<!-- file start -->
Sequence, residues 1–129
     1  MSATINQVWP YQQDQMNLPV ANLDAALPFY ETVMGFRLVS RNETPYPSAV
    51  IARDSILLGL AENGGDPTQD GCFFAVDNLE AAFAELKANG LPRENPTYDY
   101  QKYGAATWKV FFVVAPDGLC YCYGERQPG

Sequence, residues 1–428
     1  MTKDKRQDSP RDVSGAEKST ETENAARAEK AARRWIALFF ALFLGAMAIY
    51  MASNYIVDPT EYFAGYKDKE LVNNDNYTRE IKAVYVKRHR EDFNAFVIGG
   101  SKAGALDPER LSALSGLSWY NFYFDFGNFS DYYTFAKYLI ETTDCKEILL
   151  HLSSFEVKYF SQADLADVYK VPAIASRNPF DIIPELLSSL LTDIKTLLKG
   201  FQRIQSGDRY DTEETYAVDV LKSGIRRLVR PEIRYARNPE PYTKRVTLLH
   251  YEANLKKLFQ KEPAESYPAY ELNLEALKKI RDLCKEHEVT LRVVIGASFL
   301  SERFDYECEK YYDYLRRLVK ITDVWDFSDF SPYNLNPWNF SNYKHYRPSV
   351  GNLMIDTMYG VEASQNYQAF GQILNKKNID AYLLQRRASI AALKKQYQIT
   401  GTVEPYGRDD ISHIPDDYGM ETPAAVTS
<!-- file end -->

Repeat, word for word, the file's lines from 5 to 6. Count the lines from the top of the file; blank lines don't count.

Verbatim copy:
Sequence, residues 1–428
     1  MTKDKRQDSP RDVSGAEKST ETENAARAEK AARRWIALFF ALFLGAMAIY